David Cameron clashes with France's Sarkozy over euro
Prime Minister David Cameron has clashed with French President Nicolas Sarkozy over the UK's involvement in discussions about the eurozone crisis.
Mr Sarkozy believes the final talks on Wednesday should be limited to nations which actually use the euro.
Mr Cameron said all EU leaders should be present to debate issues which could affect them in one way or another.
The clash came on the day when leaders agreed to change the Union's treaty if necessary to help resolve the crisis.
EU president Herman Van Rompuy said after a day of emergency talks in Brussels that members would "explore the possibility of limited change".
Mr Cameron said he had sought assurances to protect the UK's interest if there is change.
All EU leaders are now set to attend the final meeting on Wednesday, which was originally meant to be attended by only the 17 countries that use the euro.
That prompted French leader Mr Sarkozy to speak out. He said he was sick of reading in newspapers about advice Mr Cameron and his Chancellor George Osborne were offering the eurozone.
At one point in the exchanges, Mr Sarkozy was quoted as telling Mr Cameron: "We are sick of you criticising us and telling us what to do."
On Sunday morning the leaders of all the European Union's 27 members held talks about the Greek debt crisis, recapitalising banks, and bolstering the bailout fund.
The more closely integrated the eurozone becomes, the greater the British fear will be that decisions will be taken that impacts on their major concerns such as preserving and expanding the single market”
This was followed in the afternoon by a separate meeting of the 17 nations that use the euro.
Speaking after the meeting, Mr Van Rompuy said that altering the treaty was under discussion. Although no proposed details were given, any change is likely to involve closer fiscal and economic cooperation.
"The aim is deepening our economic convergence and strengthening economic discipline," Mr Van Rompuy said.
He said the words "limited change" meant "not a general overhaul of the institutional architecture".
He added: We also said that we would need the agreement of all the 27 (member states) before we can decide on a treaty change."'Progress needed'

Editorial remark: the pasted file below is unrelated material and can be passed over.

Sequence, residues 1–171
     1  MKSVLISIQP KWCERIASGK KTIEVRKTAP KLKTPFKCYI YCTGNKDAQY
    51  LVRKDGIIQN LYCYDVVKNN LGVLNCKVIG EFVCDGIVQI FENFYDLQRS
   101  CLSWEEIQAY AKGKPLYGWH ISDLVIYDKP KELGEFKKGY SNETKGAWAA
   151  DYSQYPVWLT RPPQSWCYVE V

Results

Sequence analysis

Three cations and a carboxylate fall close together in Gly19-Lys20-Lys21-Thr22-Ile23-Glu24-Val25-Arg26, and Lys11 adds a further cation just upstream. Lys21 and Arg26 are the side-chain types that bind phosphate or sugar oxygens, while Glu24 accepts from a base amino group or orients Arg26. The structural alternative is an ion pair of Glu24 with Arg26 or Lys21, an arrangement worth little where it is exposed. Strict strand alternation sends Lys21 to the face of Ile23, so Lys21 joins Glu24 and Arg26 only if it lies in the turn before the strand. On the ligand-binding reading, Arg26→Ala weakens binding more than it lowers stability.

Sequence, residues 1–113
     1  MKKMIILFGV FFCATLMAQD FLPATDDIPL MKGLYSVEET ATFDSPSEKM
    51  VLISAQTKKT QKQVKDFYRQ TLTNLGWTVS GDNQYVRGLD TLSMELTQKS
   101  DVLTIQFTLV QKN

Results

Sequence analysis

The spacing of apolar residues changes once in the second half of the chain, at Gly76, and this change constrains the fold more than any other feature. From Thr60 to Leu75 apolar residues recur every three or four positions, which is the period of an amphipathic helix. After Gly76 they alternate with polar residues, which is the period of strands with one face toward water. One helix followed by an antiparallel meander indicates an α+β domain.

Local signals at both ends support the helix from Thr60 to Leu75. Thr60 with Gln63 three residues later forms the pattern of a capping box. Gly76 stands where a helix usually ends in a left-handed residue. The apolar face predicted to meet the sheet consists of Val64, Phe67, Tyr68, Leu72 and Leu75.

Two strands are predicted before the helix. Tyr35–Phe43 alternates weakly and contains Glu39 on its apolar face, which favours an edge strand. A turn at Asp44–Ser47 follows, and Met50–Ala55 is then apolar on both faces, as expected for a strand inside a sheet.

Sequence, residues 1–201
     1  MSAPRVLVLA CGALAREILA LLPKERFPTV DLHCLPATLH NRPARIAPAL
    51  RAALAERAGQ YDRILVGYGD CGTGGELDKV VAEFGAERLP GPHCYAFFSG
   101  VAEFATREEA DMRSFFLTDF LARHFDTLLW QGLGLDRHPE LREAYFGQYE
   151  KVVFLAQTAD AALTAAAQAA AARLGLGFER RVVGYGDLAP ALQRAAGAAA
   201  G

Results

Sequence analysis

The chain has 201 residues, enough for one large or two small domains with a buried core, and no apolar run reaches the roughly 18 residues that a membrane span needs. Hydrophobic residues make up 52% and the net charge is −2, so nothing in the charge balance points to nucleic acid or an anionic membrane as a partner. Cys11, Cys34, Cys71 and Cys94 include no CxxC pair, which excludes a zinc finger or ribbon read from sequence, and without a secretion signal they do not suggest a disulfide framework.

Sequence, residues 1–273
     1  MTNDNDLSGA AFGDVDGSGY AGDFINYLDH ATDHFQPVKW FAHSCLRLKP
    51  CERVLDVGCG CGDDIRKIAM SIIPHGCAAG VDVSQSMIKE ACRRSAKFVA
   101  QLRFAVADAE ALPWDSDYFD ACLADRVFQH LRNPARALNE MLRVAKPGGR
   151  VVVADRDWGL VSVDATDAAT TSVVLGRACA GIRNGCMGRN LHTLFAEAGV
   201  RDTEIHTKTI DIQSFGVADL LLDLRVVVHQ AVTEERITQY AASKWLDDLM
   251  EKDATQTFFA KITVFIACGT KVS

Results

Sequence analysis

Mr Cameron said he had secured safeguards to ensure that Britain's national interest within the EU was protected as the eurozone nations moved towards greater fiscal and economic integration.
He told a news conference: "This must not be at the expense of Britain's national interest. I have secured a commitment today that we must safeguard the interests of countries that want to stay outside the euro, particularly with respect to the integrity of the single market for all 27 countries of the EU."
The prime minister said the EU needed to build on the progress of the work done on Saturday on recapitalising the banks.
"More progress is needed. I think we are beginning to see the elements of a strong package coming together," he said.
Mr Cameron has cancelled visits to Japan and New Zealand this week in order to attend Wednesday's summit.
Speaking alongside German Chancellor Angela Merkel at a joint press conference on Sunday, Mr Sarkozy said "a quite broad agreement was taking shape on the reinforcement" of the bailout fund.
Mrs Merkel said a French idea for the fund to acquire a banking licence was dead, leaving a mix of plans to use the fund to offer insurance to eurozone bond holders, and moves to create a "fund within the fund" that would be topped up by some of the main emerging nations.
On Saturday eurozone finance ministers struck a provisional deal that will see banks raise more than 100bn euros (£87bn) in new capital to shield them against possible losses to indebted countries.
It is conditional on a wider accord, including a write-down of Greek debt.
BBC business editor Robert Peston said the 100bn euros agreed in the deal will be provided to banks by commercial investors, national governments and the EU's bailout fund.
Debt-laden Greece has been bailed out - twice - along with the Irish Republic and Portugal.
The eurozone is working on a third package for Greece, as well as a solution that could help the much bigger economies of Spain and Italy, which are faltering.